The other common names for the herb fennel are large fennel, sweet fennel, wild fennel, finocchio, carosella, florence fennel and fenkel.

The uses for fennel go far beyond the kitchen however; fennel has been used as a medicinal herb by the early Romans and Greeks. Fennel was well known to the Ancients and was cultivated by the ancient Romans for its aromatic fruits and succulent, edible shoots. Fennel is native to Europe and is a garden plant in North America. This plant was attached by Linnaeus to the genus Anethum, but was separated from it by De Candolle and placed with three or four others in a new genus styled Foeniculum, which has been generally adopted by botanists. This was corrupted in the Middle Ages into Fanculum, and this gave birth to its alternative popular name, ‘fenkel.’ A member of the parsley family, the plant resembles dill with its small clusters of upturned yellow umbrel flowers, but it easily distinguished by its sweet licorice aroma and taste. A tall wispy perennial it earns a place in any well stocked herbal garden not only for its culinary uses but also as one of the best digestive aids that also relieves gas. As early as the tenth century A.D. the mystic Hildegard of Bingen recommended fennel seeds as a treatment for body odor. At Indian restaurants you may see fennel seeds instead of after dinner mints. Fennel is widely cultivated, both in its native range and elsewhere, for its edible, strongly-flavoured leaves and seeds. The flavour is similar to that of anise and star anise, though usually not as strong.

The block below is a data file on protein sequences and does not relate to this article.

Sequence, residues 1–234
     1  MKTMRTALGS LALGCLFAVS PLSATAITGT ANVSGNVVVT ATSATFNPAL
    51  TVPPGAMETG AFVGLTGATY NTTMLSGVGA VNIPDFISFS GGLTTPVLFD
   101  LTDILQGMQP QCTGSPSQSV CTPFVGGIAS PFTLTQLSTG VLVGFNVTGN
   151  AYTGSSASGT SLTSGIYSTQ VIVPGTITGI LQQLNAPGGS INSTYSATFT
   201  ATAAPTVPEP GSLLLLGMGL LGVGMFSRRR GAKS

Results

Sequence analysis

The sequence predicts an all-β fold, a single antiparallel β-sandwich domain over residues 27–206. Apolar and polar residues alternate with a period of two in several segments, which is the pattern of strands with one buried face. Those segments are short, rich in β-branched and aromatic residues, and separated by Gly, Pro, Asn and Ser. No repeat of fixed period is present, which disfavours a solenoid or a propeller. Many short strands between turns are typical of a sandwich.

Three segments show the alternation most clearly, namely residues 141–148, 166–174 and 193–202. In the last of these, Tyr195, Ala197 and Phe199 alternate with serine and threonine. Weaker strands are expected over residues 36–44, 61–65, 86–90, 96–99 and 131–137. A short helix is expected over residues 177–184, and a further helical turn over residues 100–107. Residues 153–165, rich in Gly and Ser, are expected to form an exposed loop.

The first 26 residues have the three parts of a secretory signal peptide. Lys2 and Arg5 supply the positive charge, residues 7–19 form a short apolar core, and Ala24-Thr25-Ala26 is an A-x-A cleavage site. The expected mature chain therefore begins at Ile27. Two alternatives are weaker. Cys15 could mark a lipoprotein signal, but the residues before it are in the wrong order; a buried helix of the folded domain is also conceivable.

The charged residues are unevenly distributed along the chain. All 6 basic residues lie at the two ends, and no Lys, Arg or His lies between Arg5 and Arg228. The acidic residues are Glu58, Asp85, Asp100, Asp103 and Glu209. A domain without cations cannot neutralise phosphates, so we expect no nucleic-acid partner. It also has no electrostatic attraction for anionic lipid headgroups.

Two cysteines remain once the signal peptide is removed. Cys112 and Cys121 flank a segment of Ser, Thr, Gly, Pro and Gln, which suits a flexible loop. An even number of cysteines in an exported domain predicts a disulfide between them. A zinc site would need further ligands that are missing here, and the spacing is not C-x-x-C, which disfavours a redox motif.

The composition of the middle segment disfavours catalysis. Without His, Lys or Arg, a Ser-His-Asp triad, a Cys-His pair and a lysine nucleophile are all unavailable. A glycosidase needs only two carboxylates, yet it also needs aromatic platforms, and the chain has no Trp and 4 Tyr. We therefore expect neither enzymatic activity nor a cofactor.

Fennel has a distinctive smell rather like Aniseed. The roots are large, thick and white and are carrot shaped root produces a stout, pithy, finely grooved stem with fine buish stripes. The leaves are decompound, dissected into numerous filiform segments, the upper leaves on broad sheaths that surround the stem.The bright golden flowers, produced in large, flat terminal umbels, with from thirteen to twenty rays, are in bloom in July and August. The Yellow flowers appear from July to October. The fruit consists of two joined carpels, together taking an oblong form with prominent ribs. Fennel looks very much like dill with its feather leaves and yellow umbel flowers and hollow stems and they have the fragrance of anise, or licorice.